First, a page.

I soon became a stepmom and mom (of a daughter), and, while some women can do it all, tending to family life and doing freelance business writing to contribute to our family’s income was quite enough for me for the time being. When my daughter was in kindergarden, however, I discovered the ancient art of storytelling. I enrolled in Dominican University’s Certificate in Storytelling program, where I met many mutitalented people, in particular, Ruth Stotter, who founded the program and remains a beloved mentor to this day. I took what I learned there and was able to do storytelling in the classroom throughout my daughter’s grammar school years. I then transitioned to doing storytelling professionally at Bay Area museums, campgrounds, classrooms and special events, and gradually returned to creative writing projects. I also wrote for the Noe Valley Voice, one of San Francisco’s finest neighborhood newspapers, and learned most of what I know about editing from the Voice‘s editor, Sally Smith. I also contributed occasional opinion pieces to the original San Francisco Examiner when Lynn Ludlow was the editor of the Op Ed page.
Now, my husband and I are empty nesters living in Sonoma County. I work full time editing for a trade magazine that covers the bankcard processing beat, and work on book projects on my own time. My aim in all of my creative work is to enliven, engage and empower people (including me).
I launched my award-winning memoir, Reversible Skirt, in March 2011, and published the flash fiction collection, The Ice Cream Vendor’s Song, in November 2012. I’m also founder of indie publishing company Wordforest; a dreamer; sister; caretaker for two goofy, pint-sized dogs; and an overall happy, but always stressed woman who thinks way too much about what she weighs.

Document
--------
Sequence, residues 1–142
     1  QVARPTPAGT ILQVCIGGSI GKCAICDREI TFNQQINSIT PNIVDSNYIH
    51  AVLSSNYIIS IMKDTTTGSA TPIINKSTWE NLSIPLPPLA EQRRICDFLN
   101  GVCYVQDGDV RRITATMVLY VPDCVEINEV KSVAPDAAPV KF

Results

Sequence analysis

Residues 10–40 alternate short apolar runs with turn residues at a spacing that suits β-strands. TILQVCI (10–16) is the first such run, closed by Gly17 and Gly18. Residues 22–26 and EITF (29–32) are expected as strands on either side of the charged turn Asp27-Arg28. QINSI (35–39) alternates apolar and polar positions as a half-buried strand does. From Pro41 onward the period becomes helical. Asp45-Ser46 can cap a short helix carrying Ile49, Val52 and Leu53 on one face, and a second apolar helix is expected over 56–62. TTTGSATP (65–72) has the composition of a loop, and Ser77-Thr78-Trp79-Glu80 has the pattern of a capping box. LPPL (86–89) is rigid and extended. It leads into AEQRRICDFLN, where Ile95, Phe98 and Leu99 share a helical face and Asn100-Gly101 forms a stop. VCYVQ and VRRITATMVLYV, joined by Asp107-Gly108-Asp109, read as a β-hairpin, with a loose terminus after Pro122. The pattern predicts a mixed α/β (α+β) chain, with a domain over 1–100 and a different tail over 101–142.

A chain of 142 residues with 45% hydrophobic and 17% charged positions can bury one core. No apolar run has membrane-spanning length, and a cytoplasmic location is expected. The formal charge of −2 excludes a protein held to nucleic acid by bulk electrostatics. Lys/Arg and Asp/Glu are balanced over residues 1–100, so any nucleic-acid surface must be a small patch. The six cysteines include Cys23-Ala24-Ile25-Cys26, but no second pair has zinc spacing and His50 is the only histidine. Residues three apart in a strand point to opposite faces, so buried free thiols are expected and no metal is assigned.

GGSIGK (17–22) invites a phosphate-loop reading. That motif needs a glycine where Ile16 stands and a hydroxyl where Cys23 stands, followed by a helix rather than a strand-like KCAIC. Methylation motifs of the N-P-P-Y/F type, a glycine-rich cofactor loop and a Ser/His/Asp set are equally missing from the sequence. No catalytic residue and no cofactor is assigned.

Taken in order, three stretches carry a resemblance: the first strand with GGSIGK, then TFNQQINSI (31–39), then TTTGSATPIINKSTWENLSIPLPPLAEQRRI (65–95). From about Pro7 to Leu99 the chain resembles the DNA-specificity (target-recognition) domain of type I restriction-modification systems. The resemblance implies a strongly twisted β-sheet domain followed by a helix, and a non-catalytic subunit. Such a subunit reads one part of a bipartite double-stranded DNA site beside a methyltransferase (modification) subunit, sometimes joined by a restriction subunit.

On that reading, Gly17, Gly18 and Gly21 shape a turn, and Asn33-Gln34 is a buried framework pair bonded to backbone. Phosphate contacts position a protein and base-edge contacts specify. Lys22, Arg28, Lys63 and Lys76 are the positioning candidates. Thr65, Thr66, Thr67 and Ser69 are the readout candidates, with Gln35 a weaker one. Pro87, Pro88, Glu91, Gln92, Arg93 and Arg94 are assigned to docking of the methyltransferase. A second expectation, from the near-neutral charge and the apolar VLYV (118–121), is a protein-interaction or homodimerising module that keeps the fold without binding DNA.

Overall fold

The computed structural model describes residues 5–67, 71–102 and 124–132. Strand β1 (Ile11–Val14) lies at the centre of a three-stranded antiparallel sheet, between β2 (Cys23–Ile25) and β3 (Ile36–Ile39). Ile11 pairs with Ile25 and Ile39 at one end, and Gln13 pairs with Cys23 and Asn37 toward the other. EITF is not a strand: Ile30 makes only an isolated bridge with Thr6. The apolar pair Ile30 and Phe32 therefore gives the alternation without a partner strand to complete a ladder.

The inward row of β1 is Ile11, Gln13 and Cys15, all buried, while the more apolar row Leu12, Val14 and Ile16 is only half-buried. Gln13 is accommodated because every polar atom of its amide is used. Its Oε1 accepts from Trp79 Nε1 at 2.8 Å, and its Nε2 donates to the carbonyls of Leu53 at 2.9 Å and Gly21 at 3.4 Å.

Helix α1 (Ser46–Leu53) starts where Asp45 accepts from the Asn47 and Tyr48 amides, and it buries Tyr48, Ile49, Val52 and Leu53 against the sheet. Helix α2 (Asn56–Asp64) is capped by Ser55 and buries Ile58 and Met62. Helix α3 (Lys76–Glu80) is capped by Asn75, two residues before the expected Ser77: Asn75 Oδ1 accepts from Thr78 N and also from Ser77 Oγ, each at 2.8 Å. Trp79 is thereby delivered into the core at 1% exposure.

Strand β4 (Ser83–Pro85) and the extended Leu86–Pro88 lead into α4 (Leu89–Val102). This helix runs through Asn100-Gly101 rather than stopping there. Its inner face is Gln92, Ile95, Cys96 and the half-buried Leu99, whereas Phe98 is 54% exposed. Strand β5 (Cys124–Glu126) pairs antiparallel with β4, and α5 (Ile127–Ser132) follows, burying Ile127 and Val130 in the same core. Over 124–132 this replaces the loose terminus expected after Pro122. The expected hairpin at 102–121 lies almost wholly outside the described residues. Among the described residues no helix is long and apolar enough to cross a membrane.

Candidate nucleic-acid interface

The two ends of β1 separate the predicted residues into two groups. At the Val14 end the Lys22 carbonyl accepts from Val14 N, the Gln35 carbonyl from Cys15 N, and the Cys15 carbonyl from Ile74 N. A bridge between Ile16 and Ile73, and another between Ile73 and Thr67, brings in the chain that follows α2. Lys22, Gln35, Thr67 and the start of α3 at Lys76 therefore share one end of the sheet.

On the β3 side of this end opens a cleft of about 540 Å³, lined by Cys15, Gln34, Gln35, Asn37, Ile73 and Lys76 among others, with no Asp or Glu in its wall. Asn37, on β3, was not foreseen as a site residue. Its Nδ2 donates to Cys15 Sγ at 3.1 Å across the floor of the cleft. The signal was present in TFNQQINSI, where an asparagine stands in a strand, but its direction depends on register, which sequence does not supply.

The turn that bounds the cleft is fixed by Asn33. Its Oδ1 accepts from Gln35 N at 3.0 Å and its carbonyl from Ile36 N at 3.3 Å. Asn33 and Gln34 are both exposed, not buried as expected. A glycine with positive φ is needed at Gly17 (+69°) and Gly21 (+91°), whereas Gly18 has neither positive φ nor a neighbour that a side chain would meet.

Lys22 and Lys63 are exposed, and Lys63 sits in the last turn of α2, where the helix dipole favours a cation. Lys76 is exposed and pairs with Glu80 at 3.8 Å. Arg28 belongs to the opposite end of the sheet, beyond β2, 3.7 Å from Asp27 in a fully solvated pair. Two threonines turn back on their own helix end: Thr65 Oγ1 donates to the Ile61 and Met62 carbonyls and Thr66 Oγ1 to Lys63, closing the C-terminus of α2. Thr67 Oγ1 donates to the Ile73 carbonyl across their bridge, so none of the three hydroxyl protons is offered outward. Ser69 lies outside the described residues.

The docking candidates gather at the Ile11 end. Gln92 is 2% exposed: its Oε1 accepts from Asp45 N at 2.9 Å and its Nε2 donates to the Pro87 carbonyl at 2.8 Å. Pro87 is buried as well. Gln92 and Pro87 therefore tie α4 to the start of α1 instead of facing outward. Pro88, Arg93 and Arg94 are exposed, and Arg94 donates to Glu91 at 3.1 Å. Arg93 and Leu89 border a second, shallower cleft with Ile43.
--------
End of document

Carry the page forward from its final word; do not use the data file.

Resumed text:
Following are five authors whose work influenced me on the long road to writing my memoir, Reversible Skirt:
Sandra Cisneros: Her semiautobiographical novel The House on Mango Street, written in vignettes, affected my emotions more deeply than a traditional narrative with a regular plot line would have. The rhythm of the language, the snapshots of life on Mango Street really seemed to capture the heart of the main character, Esperanza. I like the way Cisneros pushed boundaries in this book; it opened up possibilities for me.
Connie Mae Fowler: Her novel, Before Women Had Wings, is another semiautobiographical novel that captured my heart. There is something magical about a writer who can capture horrendous abuse while also pointing readers the way out of it. If you had an abusive childhood, there is nothing quite like reading a book that captures some of what you experienced; it is a sort of coming home experience, a feeling that, yes, someone does understand. Fowler’s experiences were different than mine, but her writing is part of what made me feel like writing about my experiences could make a difference in other people’s lives.
Maxine Hong Kingston: Her memoir, The Woman Warrier, gives people a stunning view of what it was like to be raised by Chinese immigrant parents in the United States. Learning that non-Chinese people were viewed by Kingston’s family as ghosts was revelatory, an Aha moment when I saw just how it is possible for people to view you in a completely different light than you view yourself. I read this book decades ago and plan to re-read it soon. I’m interested in seeing what the woman warrior myth would mean to me today.
Nuala O’Faolain: While reading O’Faolain’s first memoir, Are You Somebody?, I found myself often thinking, I wish I’d written that. The details of her childhood were harsh, but that isn’t what stayed with me. It was more that I was charmed and impressed by her. The book doesn’t tie things up neatly for the reader, which I like.
Janet Frame: Frame’s book Owls Do Cry is one of my all-time favorite reads. It is original, poignant, moving. I feel she was masterful at using words to convey the interior of her life experiences in the world.